Baykar is currently working on a next-generation TB3 drone that can take off and land from aircraft carriers, landing helicopter docks (LHDs) or LHD-class vessels. It plans to unveil the first TB3 in 2022 before the TCG Anadolu, Turkey’s first LHD-class vessel, is commissioned by the end of the year.

Ismail Demir, Turkey’s top official overseeing the defence industry, told local media that the TCG Anadolu would be designed to hold 50 to 110 drones, depending on the configuration.

Haluk Bayraktar sees the potential for drone customers in Asia.

“The upcoming TB3 will be a great fit for Japan’s Izumo-class platforms,” he said, referring to the country’s multipurpose destroyer, which analysts call a de facto aircraft carrier. The drone’s folded wings will enable a carrier to hold more of them than fixed-wing aircraft.

“Japan should obtain armed drones as soon as possible,” he added.

Baykar is not the only Turkish drone maker. Turkish Aerospace Industries (TAI), another major defence company, reached a basic agreement with Kazakhstan in November for its Anka drones.

At the end of March, TAI will attend the 17th Defence Service Asia Exhibition and Conference in Kuala Lumpur, Malaysia, where it will compete with countries such as China and the US to win tenders for drones.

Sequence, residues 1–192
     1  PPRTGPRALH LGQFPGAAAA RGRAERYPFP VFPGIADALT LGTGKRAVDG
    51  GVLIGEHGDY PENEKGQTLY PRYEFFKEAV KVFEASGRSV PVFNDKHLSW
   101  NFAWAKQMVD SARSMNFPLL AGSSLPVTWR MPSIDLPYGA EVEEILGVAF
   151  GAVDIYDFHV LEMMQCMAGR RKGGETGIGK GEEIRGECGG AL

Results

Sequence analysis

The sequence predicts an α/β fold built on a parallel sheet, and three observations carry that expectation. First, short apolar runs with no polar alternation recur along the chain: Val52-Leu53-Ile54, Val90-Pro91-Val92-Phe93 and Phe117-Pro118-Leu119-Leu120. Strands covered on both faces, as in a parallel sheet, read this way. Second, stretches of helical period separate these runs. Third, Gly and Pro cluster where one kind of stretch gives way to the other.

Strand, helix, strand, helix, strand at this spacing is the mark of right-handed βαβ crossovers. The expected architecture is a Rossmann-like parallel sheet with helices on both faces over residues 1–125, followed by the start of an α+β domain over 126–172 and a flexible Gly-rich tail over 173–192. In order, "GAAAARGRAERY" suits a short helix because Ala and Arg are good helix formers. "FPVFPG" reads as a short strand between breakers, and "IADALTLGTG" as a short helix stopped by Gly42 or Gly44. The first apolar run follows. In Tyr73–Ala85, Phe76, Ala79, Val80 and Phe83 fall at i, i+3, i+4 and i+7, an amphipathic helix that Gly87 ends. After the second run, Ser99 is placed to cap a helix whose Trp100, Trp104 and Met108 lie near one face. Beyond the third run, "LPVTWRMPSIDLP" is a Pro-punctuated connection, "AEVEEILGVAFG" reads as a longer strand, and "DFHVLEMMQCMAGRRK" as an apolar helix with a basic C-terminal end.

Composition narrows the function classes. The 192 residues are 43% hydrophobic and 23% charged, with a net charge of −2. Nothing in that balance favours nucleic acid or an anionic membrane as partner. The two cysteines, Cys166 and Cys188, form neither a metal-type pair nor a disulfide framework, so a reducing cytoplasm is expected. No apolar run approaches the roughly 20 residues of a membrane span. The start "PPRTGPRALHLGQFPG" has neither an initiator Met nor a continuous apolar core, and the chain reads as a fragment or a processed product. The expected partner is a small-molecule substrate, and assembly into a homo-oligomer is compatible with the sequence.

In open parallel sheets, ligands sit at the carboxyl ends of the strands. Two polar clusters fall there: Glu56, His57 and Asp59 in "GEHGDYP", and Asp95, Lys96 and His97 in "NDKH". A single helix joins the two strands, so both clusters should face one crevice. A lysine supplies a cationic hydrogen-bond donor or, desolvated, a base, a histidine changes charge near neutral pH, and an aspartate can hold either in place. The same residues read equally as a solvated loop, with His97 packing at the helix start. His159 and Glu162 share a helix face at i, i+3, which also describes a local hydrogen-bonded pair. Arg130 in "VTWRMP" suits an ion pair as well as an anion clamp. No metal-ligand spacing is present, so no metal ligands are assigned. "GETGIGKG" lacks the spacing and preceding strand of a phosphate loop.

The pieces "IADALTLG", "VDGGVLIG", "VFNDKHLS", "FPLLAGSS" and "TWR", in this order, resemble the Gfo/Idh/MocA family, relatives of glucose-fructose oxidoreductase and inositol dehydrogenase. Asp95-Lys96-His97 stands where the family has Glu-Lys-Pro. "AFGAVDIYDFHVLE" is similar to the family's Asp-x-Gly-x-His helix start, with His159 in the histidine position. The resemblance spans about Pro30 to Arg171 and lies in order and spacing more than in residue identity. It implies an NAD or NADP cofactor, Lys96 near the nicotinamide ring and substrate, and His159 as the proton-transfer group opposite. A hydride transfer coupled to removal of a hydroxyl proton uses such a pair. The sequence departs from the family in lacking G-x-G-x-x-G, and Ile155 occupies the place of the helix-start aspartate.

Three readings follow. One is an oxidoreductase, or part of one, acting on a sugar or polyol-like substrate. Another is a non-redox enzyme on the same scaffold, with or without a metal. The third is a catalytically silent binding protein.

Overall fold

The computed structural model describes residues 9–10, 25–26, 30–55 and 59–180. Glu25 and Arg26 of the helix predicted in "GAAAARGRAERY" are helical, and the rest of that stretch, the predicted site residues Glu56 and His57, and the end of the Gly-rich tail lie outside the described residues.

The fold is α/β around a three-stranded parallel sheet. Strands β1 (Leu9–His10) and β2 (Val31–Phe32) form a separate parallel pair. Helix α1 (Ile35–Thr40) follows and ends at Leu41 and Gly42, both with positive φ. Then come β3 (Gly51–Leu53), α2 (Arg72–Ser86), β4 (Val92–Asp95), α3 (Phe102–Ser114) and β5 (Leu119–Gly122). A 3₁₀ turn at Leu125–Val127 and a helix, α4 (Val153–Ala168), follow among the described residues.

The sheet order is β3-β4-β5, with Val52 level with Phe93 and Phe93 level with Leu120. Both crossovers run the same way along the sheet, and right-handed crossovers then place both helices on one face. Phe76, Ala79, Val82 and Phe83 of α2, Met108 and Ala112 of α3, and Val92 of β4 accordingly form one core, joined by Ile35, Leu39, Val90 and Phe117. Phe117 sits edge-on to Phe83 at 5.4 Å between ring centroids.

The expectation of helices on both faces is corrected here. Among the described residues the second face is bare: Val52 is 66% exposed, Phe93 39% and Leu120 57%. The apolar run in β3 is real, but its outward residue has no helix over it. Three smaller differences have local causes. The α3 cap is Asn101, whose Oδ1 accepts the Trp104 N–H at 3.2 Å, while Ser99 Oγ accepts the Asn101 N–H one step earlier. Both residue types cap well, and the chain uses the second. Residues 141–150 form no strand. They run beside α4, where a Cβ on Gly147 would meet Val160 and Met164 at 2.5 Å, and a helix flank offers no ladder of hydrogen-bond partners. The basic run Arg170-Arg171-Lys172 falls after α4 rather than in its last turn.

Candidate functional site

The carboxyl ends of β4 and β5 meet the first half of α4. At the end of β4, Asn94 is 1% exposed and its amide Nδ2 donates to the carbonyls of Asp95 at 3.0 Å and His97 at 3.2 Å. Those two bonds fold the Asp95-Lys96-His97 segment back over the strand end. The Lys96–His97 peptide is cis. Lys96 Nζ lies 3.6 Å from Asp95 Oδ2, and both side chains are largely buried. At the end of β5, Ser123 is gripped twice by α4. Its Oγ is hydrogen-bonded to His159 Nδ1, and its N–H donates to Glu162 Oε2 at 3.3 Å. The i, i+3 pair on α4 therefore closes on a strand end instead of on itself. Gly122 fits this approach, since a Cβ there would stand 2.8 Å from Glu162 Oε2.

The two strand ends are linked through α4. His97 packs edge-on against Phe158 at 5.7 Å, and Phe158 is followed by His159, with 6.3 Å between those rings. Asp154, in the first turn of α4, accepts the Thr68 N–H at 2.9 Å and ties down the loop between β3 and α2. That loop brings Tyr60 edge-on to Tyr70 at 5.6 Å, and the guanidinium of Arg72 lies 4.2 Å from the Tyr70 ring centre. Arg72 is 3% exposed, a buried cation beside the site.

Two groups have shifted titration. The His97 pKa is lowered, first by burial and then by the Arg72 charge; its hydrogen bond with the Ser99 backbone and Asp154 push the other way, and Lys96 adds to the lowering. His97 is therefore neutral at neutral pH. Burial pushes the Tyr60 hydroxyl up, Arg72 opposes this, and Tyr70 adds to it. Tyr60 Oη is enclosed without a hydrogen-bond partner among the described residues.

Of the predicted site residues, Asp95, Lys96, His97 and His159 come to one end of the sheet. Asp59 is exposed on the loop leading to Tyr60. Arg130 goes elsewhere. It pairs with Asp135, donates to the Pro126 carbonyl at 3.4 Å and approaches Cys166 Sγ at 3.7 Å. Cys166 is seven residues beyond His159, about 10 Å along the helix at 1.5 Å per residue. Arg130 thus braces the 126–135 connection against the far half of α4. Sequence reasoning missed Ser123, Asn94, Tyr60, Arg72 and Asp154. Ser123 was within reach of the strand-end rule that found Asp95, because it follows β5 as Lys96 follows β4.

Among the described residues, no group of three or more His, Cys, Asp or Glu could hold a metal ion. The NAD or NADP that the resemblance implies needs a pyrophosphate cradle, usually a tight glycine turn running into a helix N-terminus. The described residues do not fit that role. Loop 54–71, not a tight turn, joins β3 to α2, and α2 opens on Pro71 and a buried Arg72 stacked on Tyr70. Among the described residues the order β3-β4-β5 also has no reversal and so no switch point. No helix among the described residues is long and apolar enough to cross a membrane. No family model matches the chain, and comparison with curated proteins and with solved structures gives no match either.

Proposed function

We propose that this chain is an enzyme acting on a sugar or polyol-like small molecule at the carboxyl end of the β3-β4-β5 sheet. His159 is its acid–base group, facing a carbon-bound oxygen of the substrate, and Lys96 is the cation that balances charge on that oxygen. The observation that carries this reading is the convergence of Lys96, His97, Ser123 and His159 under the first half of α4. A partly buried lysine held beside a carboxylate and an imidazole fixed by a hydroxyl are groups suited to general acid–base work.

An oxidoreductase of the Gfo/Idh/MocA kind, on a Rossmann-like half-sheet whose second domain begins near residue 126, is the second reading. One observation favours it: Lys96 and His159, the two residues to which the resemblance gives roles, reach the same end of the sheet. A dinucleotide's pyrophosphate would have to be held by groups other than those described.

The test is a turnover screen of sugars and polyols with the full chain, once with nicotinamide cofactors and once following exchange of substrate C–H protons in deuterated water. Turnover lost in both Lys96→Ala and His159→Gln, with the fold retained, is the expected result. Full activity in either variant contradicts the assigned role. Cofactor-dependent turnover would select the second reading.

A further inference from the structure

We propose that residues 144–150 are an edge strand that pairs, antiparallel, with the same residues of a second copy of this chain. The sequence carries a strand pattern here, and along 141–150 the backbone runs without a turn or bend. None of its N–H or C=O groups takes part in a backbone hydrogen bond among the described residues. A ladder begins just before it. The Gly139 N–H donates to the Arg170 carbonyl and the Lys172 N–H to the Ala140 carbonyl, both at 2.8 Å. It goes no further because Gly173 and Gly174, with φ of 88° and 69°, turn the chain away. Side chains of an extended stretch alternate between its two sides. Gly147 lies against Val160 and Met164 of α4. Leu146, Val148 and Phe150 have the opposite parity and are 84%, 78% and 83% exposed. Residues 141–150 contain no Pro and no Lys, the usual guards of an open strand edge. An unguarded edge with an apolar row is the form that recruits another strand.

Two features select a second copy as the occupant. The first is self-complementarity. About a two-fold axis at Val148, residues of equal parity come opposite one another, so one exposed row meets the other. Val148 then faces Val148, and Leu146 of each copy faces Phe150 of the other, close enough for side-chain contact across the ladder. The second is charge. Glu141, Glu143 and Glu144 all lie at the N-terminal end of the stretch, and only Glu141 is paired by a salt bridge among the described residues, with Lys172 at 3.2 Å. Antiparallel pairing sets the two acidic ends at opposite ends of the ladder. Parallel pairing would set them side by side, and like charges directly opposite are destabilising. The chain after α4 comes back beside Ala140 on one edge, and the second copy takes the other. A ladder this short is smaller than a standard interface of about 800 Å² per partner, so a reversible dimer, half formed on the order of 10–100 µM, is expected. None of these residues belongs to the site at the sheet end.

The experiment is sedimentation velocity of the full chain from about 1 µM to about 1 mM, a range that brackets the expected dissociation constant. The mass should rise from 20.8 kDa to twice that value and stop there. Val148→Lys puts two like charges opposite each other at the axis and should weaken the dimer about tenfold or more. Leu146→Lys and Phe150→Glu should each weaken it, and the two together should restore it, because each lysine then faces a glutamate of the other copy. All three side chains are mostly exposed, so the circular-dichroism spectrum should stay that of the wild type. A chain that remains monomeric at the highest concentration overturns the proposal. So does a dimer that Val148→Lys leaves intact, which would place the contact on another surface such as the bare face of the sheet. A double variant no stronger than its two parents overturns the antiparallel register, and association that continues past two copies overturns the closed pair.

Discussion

Sensing an opportunity, TAI opened an office in Selangor last November, on the outskirts of Kuala Lumpur. This is part of a push into Asian markets. Last month, the company opened a large booth at the Singapore Airshow, exhibiting its drone tech and other key products.

The Aksungur, TAI’s next-generation armed drone, which joined the Turkish military’s inventory last year, can fly for 50 hours and features sonobuoy options, which are rare for a drone. Equipped with advanced detectors and sensors, it can perform anti-submarine warfare and maritime patrolling missions — a good fit for Indo-Pacific countries.